Saturday, October 13, 2012

We Are Not As Far As We Think We Are

Stonehenge was constructed on the Salisbury plain in 3000 B.C.  That is not as far back as we think of "prehistoric" as being.  Within a few years of that date on the timeline the Chinese were casting bronze bells and continuing sophisticated glazing of ceramic ware, the Indus River Valley was dotted with cities, city states ruled from Uruk up the Mesopotamian world, and the warring civilizations of Lower Egypt were within a few centuries of becoming the first unified kingdom in history.  The neolithic tribes of Briton knew that Earth was round, understood the polar circumnavigation of the stars, had mapped the skies and seasons, and wondered if the blue stones themselves of the southwest coast might have healing powers, instead of those powers belonging to the air and sea and spirits.  If you think about it, they may have been within grasp of radiation therapy.

Every semester I offer my students a chance to construct a working Stonehenge but so far I have had no takers, no one believes that they can meet the challenge.

Paleolithic people were less sophisticated than that.  They made 4 inch figures like the Venus of Willendorf and believed that they could appropriate the powers of the spirits and possess them to aid and protect themselves.  They thought that objects could aid with fertility and guard against death in childbirth.  That was 9000 years B.C., at least 11,000 years ago.

But, in 2012 women will still climb onto the effigy of Victor Noir and brag about it online.  There are web sites that offer fertility tours, and the French government had to remove the protective fences that ensured the sanctity and permanence of the cemetery because women protested over their rights.  Rights?  And what are those, exactly?  It is believed that lying on the bronze statue will bring love, happiness and fertility.  Victor Noir was a journalist and anti-Bonapartist in the 19th Century, a case of the messenger being shot.  As part of the outcry over his murder, which was defended much the same as a "stand your ground" defense, a cast was made from his fallen body and it captured in detail the postmortem effects on the young man's corpse.  Flowers, kisses and even sleeping on the statue have been the result.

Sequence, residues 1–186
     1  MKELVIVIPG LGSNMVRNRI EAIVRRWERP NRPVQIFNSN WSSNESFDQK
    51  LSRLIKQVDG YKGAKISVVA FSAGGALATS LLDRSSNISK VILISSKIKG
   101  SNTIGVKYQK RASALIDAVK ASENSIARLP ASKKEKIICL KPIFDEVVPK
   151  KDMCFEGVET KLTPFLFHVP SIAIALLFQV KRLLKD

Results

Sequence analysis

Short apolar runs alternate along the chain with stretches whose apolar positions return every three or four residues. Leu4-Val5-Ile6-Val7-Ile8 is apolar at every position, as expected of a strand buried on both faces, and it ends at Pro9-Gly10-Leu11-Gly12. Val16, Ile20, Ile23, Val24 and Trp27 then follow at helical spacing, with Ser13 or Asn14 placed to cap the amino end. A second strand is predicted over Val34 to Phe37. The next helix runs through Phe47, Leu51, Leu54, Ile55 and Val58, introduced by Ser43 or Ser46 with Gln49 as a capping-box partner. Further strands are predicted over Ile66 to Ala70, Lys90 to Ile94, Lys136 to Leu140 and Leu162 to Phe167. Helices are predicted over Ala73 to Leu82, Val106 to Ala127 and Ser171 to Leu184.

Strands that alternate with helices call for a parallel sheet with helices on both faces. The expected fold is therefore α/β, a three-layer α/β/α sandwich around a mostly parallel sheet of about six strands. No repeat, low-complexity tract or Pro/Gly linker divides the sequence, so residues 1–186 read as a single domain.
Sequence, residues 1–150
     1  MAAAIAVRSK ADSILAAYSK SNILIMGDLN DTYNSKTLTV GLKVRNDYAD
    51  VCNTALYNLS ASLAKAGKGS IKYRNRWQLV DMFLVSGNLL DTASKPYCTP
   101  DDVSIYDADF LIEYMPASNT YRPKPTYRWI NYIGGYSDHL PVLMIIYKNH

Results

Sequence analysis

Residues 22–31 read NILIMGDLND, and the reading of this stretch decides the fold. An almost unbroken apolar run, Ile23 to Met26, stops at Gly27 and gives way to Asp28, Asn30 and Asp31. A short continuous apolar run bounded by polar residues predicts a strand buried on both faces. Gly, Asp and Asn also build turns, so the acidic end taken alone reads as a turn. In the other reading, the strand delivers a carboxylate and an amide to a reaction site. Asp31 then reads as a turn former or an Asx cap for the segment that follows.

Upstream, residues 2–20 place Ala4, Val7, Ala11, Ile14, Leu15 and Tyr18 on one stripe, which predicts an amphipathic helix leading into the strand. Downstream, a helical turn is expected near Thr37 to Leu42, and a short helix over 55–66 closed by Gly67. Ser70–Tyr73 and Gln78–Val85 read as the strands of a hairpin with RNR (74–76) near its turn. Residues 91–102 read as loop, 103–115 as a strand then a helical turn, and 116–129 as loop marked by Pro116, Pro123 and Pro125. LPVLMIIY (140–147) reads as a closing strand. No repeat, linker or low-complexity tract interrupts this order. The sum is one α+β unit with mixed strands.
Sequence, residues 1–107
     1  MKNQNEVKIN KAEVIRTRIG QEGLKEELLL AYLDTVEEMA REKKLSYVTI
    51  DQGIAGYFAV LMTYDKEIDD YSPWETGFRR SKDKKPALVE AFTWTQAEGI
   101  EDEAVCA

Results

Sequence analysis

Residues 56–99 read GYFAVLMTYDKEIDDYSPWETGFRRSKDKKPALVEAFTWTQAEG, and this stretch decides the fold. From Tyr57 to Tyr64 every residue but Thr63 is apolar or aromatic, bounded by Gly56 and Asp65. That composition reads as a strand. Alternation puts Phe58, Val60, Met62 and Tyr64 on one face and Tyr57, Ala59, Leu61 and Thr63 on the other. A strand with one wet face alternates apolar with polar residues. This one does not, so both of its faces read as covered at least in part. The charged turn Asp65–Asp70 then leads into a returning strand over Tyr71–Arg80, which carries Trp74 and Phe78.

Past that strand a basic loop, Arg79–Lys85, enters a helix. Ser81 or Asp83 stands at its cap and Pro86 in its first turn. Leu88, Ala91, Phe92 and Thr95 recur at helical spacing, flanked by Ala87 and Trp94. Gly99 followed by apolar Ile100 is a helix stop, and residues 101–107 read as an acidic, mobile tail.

In England, where they probably wish that they had something like this in Mayfair, they are nonetheless civilized enough to realize that they can turn away from certain superstitions and did something in 1996 -- they returned The Stone of Destiny to Scotland.

What exactly is The Stone of Destiny?  It is the stuff of legend.  The stories vary but the sum of it is this:  three sacred objects are said to have come to ancient Britain during Roman occupation, the stone on which Jacob rested his head brought to England by Jeremiah as a slave from Egypt, the crown of thorns carried to Wearyall Hill by Joseph of Arimathea, and the Holy Grail with Christ's blood.  The Irish claimed the stone and said that the Scottish stole it, the Scots claimed the stone and said that it was carried to Skye and that no rightful king could rule without it, and the British took it from the Scots during the rebellion.  It rested under the coronation throne in Westminster Abbey until it was relinquished in 1996, it was there because no ruler of Great Britain could rightfully rule the United Kingdom unless that ruler was crowned atop The Stone.

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